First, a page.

I asked Mother if she loved me. Mother said love didn’t pay the bills, not even for vampires. She said it with a sad pause.
She taught American and European literature (except for Dracula). Wrote stories. Took me to school. She wore a clipped smile, except when telling awkward jokes about dead poets, sucking blood from hemophiliacs with reluctance, and the number of Van Helsings she’d sparred with.
One night, I found paper in her typewriter. Written was the following:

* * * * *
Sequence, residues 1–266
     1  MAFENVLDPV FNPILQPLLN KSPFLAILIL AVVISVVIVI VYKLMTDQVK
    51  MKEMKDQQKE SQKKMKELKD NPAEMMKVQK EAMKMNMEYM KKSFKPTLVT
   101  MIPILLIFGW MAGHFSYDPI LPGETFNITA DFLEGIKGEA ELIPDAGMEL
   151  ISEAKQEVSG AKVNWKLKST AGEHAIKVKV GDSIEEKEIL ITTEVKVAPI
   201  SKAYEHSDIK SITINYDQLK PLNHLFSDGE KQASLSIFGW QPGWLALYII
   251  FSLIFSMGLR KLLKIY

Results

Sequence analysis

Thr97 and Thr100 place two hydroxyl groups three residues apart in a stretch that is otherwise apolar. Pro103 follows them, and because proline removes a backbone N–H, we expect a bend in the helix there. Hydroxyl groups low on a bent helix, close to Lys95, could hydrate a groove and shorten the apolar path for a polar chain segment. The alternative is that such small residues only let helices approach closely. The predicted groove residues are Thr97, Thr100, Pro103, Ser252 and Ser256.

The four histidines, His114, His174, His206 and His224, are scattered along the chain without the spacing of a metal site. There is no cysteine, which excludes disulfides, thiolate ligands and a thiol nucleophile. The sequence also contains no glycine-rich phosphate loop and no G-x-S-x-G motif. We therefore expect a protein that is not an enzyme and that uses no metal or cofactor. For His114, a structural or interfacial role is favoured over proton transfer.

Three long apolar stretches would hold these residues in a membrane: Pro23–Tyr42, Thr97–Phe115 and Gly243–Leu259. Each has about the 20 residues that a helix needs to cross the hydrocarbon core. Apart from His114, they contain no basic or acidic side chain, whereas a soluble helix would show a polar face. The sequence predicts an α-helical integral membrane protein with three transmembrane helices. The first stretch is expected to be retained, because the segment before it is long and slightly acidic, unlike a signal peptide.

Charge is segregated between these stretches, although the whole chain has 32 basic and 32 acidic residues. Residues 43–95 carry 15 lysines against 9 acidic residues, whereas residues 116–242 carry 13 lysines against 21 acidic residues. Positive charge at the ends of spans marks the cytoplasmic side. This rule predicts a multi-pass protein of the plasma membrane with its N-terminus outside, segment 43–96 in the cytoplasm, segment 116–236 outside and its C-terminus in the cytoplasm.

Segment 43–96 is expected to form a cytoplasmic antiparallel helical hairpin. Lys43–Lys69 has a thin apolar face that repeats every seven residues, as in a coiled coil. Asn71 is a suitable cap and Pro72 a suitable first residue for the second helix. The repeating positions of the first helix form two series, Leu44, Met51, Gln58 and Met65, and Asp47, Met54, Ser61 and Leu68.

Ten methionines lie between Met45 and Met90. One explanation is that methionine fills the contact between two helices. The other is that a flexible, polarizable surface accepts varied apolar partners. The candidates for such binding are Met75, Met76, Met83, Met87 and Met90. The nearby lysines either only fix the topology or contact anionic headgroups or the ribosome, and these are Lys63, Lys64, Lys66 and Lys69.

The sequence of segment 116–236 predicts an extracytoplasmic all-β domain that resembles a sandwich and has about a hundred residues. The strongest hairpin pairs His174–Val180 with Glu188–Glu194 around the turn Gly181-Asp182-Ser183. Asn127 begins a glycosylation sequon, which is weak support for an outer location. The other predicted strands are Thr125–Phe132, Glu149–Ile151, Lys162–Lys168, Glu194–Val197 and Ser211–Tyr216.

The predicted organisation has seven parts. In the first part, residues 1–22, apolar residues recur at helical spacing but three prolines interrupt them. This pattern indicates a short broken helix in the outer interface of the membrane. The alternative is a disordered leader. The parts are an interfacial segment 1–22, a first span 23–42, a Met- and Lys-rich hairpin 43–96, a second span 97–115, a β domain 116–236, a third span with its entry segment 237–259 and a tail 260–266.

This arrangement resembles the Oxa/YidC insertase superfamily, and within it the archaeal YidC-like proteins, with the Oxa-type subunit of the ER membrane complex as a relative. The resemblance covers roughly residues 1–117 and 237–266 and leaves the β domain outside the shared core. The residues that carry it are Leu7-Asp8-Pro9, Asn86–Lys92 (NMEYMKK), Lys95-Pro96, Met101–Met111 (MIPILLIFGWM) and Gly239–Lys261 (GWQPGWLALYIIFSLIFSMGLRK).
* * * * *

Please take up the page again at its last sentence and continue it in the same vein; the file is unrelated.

I never had a mother. Vampires with mothers are rarities. I want to ensure your strength.
Love need not be spoken.
My response: I love you.
She stepped up the jokes. The paper disappeared.
But her smile widened. Sometimes she laughed when watching The Munsters in secret, head tossed back. I carried that for years.
Yash Seyedbagheri is a graduate of Colorado State University’s MFA program in fiction. A native of Idaho, Yash’s work is forthcoming or has been published in WestWard Quarterly, Café Lit, and Ariel Chart, among others.